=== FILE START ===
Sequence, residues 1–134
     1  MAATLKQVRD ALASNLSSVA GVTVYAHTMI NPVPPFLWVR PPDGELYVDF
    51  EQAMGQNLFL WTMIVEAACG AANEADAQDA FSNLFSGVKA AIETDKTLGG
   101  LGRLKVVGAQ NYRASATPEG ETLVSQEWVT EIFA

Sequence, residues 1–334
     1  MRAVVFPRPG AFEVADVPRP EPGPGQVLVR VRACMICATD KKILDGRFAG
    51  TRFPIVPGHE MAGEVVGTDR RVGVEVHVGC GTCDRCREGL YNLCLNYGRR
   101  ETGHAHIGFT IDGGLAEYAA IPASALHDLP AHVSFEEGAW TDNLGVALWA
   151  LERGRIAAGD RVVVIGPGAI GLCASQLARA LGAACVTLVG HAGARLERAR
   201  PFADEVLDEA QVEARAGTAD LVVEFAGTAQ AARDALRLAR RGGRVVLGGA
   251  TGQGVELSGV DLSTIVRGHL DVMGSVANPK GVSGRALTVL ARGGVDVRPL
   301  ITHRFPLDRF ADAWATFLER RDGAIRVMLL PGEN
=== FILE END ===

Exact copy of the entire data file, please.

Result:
Sequence, residues 1–134
     1  MAATLKQVRD ALASNLSSVA GVTVYAHTMI NPVPPFLWVR PPDGELYVDF
    51  EQAMGQNLFL WTMIVEAACG AANEADAQDA FSNLFSGVKA AIETDKTLGG
   101  LGRLKVVGAQ NYRASATPEG ETLVSQEWVT EIFA

Sequence, residues 1–334
     1  MRAVVFPRPG AFEVADVPRP EPGPGQVLVR VRACMICATD KKILDGRFAG
    51  TRFPIVPGHE MAGEVVGTDR RVGVEVHVGC GTCDRCREGL YNLCLNYGRR
   101  ETGHAHIGFT IDGGLAEYAA IPASALHDLP AHVSFEEGAW TDNLGVALWA
   151  LERGRIAAGD RVVVIGPGAI GLCASQLARA LGAACVTLVG HAGARLERAR
   201  PFADEVLDEA QVEARAGTAD LVVEFAGTAQ AARDALRLAR RGGRVVLGGA
   251  TGQGVELSGV DLSTIVRGHL DVMGSVANPK GVSGRALTVL ARGGVDVRPL
   301  ITHRFPLDRF ADAWATFLER RDGAIRVMLL PGEN